Irish tomato growers hope for less challenges in the year ahead

In October, Grantstown Nurseries, based in Ballygunner outside Waterford City, was faced with a problem as the Dutch plant raiser it had worked with for many years announced that it was winding down due to the impact of input costs on the business. This meant that David Currid, who runs Grantstown Nurseries, was left scrambling to find a plant propagator only weeks out from the beginning of the next growing season. He was not alone in this.

Currid explained that the seed is sown in the Netherlands in mid-November, the plants would arrive at Grantstown Nurseries in early January, and the crop would then be in situ the following day in the glasshouses, all spaced out about 50cm apart. He added they had been dealing with Plantise, which was one of the top three cultivation companies in the Netherlands, for over 20 years.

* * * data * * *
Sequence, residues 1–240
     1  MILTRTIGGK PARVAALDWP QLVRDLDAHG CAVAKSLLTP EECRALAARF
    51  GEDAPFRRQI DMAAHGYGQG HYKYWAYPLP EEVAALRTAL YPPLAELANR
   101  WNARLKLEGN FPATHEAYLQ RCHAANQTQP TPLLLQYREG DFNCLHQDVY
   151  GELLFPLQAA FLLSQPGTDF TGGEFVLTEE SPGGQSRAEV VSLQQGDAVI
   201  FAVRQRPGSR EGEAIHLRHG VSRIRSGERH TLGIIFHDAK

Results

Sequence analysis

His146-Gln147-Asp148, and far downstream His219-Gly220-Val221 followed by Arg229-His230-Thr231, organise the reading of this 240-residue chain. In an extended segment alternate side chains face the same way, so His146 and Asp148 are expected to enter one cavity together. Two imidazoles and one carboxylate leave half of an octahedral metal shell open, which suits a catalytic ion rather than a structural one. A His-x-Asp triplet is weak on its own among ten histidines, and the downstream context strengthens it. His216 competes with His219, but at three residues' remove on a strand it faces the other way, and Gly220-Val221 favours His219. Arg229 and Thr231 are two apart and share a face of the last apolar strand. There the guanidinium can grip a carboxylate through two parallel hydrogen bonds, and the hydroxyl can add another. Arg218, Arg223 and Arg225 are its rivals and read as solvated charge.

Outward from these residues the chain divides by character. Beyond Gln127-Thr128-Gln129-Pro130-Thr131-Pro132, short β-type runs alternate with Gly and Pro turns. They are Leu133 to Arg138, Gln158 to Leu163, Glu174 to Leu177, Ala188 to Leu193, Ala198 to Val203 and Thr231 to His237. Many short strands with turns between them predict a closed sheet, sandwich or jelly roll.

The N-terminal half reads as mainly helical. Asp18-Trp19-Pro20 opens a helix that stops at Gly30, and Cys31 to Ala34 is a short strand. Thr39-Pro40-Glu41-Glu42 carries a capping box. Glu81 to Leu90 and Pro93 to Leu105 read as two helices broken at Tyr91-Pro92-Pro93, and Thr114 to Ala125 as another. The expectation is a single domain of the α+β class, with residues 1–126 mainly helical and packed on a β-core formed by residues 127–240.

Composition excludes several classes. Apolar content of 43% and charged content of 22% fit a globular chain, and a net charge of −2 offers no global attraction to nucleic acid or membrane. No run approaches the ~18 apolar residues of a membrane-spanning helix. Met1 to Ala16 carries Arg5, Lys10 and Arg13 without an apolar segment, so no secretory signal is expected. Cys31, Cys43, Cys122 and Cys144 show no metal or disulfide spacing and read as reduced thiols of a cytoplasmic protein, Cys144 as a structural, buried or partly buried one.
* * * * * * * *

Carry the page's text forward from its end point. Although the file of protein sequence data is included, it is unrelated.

With only around seven commercial tomato growers left in Ireland, Currid said that despite the significant challenges the sector faces in Ireland, “we have commitments made, and we have staff to keep employed, so we feel obliged to keep the business on the road and keep going.”

“Hopefully, we can write off 2022 as being a tough year; 2023 is probably not going to be a lot better, but with the support of our customers, retailers, and some state aid too through the Horticulture Exceptional Payment Scheme that we availed of in 2022, we’re hopeful that we can get through 2023 and maybe some normality will return to input costs, particularly energy,” he said.


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